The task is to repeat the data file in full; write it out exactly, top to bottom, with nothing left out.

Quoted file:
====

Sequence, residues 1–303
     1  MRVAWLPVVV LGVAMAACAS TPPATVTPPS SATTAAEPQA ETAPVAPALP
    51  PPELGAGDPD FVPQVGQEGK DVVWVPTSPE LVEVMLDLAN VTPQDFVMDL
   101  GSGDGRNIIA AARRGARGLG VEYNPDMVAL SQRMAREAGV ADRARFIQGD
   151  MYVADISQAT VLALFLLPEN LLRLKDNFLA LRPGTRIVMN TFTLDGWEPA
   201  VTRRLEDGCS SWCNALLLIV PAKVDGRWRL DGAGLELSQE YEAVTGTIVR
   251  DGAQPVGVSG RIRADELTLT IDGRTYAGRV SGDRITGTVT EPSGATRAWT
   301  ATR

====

Sequence, residues 1–303
     1  MRVAWLPVVV LGVAMAACAS TPPATVTPPS SATTAAEPQA ETAPVAPALP
    51  PPELGAGDPD FVPQVGQEGK DVVWVPTSPE LVEVMLDLAN VTPQDFVMDL
   101  GSGDGRNIIA AARRGARGLG VEYNPDMVAL SQRMAREAGV ADRARFIQGD
   151  MYVADISQAT VLALFLLPEN LLRLKDNFLA LRPGTRIVMN TFTLDGWEPA
   201  VTRRLEDGCS SWCNALLLIV PAKVDGRWRL DGAGLELSQE YEAVTGTIVR
   251  DGAQPVGVSG RIRADELTLT IDGRTYAGRV SGDRITGTVT EPSGATRAWT
   301  ATR